Out of all the wild sunflowers on this list, the fewleaf is probably the least aggressive. It does need a little room, but it doesn’t spread as fast as some other species. It grows 2 to 5 feet tall and can produce more than one flowerhead per stem. The fewleaf sunflower isn’t picky about its soil, but it does prefer to be in a spot that’s sunny and dry.

Rayless Sunflower (Helianthus radula)

rayless sunflower
Photo Credit: Eleanor

The rayless sunflower is the most unique-looking of all the native Florida sunflowers. Also known as the stiff sunflower, the rayless sunflower lacks the traditional yellow petals that come to mind when one thinks of a sunflower. That’s why it’s called the “rayless” sunflower. Instead of petals, the rayless sunflower has a singular flowerhead made up of dark disk florets.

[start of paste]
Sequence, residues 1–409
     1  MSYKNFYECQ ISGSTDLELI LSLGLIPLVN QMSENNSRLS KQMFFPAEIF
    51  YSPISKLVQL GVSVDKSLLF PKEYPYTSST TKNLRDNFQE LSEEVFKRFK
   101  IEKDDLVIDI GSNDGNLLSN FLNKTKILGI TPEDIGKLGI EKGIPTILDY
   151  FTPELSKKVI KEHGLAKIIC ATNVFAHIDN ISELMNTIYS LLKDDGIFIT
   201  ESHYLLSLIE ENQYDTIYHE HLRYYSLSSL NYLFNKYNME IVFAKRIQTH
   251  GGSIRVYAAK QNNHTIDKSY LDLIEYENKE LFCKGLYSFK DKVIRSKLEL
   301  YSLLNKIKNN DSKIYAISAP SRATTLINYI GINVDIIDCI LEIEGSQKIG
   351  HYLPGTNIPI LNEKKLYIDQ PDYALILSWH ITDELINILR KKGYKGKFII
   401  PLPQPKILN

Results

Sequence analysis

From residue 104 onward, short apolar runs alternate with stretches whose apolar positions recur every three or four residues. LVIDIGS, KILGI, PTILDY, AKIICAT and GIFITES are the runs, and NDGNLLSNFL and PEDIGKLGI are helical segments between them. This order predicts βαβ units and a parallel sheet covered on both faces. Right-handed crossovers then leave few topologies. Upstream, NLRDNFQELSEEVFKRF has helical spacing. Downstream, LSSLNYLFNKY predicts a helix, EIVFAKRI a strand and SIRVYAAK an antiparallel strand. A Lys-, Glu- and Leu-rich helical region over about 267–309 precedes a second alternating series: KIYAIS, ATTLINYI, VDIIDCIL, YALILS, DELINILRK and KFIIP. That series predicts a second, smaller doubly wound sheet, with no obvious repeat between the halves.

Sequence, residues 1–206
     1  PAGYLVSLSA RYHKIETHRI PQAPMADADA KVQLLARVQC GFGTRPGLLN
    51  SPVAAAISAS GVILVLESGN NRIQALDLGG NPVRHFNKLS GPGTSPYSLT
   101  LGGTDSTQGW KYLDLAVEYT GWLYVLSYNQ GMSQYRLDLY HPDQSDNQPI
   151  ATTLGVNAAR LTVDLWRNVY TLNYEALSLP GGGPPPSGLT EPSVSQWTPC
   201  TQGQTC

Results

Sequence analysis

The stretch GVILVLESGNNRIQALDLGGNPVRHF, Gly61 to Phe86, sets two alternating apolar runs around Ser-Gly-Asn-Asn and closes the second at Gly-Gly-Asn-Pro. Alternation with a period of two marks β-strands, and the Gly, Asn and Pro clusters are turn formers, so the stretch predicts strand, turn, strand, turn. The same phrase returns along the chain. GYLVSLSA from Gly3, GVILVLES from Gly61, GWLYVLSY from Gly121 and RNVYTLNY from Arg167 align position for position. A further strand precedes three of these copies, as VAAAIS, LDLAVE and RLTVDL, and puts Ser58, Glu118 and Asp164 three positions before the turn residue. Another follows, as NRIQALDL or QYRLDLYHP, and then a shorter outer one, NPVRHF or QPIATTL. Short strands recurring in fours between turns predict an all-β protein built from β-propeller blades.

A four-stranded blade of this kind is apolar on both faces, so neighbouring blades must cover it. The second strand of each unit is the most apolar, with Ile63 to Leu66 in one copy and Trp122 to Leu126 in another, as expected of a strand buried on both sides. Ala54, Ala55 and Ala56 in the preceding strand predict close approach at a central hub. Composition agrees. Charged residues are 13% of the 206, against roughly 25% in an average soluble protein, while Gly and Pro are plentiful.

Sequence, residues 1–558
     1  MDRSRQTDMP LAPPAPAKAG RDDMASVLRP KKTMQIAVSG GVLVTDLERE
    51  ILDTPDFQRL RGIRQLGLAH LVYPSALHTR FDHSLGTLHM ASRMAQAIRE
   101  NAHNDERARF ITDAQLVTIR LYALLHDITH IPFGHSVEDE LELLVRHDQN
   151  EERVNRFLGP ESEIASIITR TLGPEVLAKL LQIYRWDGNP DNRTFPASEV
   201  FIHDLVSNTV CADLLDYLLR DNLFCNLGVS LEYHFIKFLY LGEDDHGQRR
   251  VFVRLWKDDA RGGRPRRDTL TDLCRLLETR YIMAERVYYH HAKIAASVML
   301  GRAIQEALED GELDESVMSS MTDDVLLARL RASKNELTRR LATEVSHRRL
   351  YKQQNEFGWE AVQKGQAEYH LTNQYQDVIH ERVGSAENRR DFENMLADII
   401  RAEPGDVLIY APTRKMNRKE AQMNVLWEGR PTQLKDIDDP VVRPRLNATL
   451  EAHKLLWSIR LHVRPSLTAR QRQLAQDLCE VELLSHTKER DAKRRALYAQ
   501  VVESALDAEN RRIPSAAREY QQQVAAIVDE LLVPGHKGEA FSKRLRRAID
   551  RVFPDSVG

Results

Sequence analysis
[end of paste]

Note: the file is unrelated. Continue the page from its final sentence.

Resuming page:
Hardy to USDA zones 8A to 9B, the rayless sunflower calls the Panhandle, North Florida, and Central Florida it’s home. It also grows in South Carolina and Louisiana.

This species is great for attracting pollinators. Ditch your non-native milkweed and instead include the rayless sunflower in your next butterfly garden.

Resindot Sunflower (Helianthus resinosus)


resindot sunflower
Photo Credit: Alan Cressler  

The resindot sunflower is native to Florida, Georgia, Mississippi, Alabama, North Carolina, and South Carolina. In Florida, it grows wild in the Panhandle.